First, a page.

Commentary: ‘Education Initiative’ is really disastrous Margins Tax
A July 25 letter in the Reno Gazette-Journal from a retired Washoe County School District employee shows that the teachers’ union campaign for the margins tax on the November ballot will reach new lows of dishonesty and deception.
The deception starts with the title of ballot question 3, “The Education Initiative,” with 84 confusing sections, but only one on education. The letter by Stephen Norman of Sparks says it “was developed to provide appropriate funding for a quality education for all Nevada children.” The measure does not assure that a single new penny goes to K-12, but they gave it the “Education” title to con voters into believing it will better education.
If the proponents of the tax had any wholesome intent and intellectual competence, they would say just how much the measure will raise our taxes ($700 million a year) and how much of that will be spent on education. Instead, they hide behind bland and misleading phrases like “appropriate funding.”
Norman says, “Nevada’s education budget has been cut by $700 million since 2009!” He gives no source for this claim, but by its very terms it’s intentionally misleading. The reason is that it references budgets, which include wish lists of school districts and other tax-eaters. An explanation of the ways in which such budget figures are artificially inflated to mislead and be useless is so long that it must wait for another day.
The key facts about actual spending are these: Over the last 20 years, state general fund K-12 spending in real terms (net of inflation) per student has risen about 40 percent — faster than spending on any other major budget category. However, the per-person real incomes of Nevada families and businesses paying the taxes to support those schools rose only about 10 percent. That is, despite all the rhetoric about shorting our schools and kids, the spending has risen hugely and become an ever larger burden — by 30 percent — for beleaguered taxpayers.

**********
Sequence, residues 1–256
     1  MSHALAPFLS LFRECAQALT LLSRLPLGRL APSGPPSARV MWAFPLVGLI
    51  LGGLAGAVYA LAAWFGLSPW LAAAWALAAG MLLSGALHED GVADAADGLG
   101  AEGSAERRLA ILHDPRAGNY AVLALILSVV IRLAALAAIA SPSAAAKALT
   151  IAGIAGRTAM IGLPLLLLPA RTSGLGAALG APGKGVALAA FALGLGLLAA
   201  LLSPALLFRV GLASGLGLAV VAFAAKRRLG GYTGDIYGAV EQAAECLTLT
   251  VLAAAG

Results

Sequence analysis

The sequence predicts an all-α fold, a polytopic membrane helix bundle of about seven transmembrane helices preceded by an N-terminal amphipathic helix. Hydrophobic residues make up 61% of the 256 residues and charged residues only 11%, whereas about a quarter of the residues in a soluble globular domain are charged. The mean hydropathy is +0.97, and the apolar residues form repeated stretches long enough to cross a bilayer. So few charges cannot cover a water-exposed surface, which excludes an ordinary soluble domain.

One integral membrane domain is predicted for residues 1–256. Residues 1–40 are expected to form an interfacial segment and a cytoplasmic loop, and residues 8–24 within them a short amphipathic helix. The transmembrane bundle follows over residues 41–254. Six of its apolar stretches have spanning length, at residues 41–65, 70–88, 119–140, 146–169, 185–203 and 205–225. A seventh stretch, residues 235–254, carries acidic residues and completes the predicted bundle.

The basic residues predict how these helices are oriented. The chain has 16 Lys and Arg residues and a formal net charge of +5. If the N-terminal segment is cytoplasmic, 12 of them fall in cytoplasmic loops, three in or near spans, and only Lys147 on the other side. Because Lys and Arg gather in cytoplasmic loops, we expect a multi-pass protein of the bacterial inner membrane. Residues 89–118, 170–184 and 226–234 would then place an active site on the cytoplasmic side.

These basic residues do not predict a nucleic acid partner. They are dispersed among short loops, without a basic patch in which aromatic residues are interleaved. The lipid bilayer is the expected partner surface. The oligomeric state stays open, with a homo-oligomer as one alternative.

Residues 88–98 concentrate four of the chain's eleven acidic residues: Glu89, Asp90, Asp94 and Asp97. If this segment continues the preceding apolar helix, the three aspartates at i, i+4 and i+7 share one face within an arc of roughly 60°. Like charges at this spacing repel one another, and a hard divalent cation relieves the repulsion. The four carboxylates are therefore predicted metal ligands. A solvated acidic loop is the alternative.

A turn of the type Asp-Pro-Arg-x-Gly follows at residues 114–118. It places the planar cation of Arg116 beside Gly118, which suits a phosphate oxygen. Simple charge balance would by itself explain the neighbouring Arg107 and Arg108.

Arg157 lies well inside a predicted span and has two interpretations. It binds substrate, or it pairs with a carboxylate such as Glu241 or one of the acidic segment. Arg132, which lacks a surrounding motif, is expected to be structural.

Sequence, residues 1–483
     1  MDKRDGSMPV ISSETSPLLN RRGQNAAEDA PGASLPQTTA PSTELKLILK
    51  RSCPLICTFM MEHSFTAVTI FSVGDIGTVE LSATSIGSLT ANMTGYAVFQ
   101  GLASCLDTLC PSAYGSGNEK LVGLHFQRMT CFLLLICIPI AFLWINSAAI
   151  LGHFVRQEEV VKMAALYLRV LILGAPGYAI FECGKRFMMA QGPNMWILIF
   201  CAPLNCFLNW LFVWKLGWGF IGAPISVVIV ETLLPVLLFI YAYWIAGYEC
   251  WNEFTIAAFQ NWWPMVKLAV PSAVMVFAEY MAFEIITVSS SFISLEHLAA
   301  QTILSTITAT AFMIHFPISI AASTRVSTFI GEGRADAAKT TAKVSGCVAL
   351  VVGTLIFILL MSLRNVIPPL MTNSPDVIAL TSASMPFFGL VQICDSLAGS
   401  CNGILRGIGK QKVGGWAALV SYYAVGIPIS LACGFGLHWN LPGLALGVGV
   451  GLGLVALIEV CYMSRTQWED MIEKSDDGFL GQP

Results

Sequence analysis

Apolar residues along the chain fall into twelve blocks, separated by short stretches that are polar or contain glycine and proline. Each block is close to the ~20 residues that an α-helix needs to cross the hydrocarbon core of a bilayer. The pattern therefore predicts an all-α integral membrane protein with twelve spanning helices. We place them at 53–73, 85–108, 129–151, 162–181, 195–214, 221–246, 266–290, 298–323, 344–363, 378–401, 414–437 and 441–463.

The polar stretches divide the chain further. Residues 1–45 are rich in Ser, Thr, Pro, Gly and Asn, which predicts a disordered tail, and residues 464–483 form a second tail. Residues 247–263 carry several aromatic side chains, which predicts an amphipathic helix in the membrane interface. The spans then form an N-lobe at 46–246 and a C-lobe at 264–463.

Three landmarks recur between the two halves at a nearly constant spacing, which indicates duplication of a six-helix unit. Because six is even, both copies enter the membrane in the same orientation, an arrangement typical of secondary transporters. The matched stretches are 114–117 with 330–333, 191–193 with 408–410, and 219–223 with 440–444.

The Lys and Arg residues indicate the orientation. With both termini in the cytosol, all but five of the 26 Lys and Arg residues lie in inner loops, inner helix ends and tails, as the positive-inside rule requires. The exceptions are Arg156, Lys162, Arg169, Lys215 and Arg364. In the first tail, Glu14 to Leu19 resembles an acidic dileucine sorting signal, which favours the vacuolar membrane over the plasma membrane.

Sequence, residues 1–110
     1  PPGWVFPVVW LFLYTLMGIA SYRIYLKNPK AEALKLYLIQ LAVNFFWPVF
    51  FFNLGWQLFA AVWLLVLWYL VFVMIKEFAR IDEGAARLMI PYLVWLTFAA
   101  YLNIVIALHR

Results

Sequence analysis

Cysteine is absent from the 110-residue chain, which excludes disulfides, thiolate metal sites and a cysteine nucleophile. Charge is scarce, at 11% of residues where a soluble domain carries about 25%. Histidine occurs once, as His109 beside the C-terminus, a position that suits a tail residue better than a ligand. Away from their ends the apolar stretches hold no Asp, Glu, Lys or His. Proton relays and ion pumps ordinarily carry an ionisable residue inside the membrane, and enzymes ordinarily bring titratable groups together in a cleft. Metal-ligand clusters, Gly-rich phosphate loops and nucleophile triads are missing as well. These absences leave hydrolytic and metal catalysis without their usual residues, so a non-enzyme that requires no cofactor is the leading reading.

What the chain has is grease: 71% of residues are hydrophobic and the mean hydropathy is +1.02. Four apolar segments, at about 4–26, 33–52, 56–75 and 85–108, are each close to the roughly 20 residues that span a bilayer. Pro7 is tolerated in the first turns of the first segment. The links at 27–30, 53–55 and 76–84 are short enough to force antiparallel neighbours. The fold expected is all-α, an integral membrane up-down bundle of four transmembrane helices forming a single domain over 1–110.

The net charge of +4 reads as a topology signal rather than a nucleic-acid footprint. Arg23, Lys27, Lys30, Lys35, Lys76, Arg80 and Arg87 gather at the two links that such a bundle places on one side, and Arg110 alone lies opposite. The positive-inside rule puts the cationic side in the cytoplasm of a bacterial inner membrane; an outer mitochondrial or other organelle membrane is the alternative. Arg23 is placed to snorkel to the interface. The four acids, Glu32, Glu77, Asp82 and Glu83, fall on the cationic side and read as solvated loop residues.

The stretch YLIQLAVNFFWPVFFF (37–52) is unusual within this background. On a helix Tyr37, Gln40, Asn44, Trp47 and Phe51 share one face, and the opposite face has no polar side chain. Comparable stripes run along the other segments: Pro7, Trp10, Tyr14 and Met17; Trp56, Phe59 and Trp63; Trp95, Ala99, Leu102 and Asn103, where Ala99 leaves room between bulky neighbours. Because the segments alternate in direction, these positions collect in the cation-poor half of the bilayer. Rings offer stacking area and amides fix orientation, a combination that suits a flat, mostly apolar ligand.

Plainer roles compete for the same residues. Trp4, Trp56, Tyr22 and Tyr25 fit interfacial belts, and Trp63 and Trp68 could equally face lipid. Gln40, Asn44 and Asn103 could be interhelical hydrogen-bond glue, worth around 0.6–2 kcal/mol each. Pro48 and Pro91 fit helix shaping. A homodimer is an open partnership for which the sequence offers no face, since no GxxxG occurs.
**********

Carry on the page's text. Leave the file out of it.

In fact, total state spending in that time, driven by rapid increases in K-12 and Health and Human Services, has risen about 20 percent faster than the incomes of Nevadans. Worse, in the Great Recession and Obama’s non-recovery of the last five years, per-person real incomes of Nevadans have fallen by 10 percent while state K-12 real per-student spending has increased by that amount. The only actual spending cuts occurred after the Legislature’s blow-out when it foolishly hiked 2009 real per-student spending 19 percent.
Norman falsely claims, “Our schools spend just over $7,000 per student, whereas the national average is well over $11,000. As a result, Nevada ranks at or near the bottom on nearly measures of education quality.” In fact, for school year 2011-12 (the latest one for which complete state-by-state figures are available), Nevada revenues spent on K-12 were $9,457 per student, and that figure is now near or above $10,000. The teachers’ union likes to quote lower “current spending” figures, as if the dollars we pay to build new schools don’t really count and aren’t a burden on our families and businesses.
To recruit, support and advocate for candidates for public office who support private sector job creation, low taxation, a responsible regulatory environment, and effective delivery of essential state services.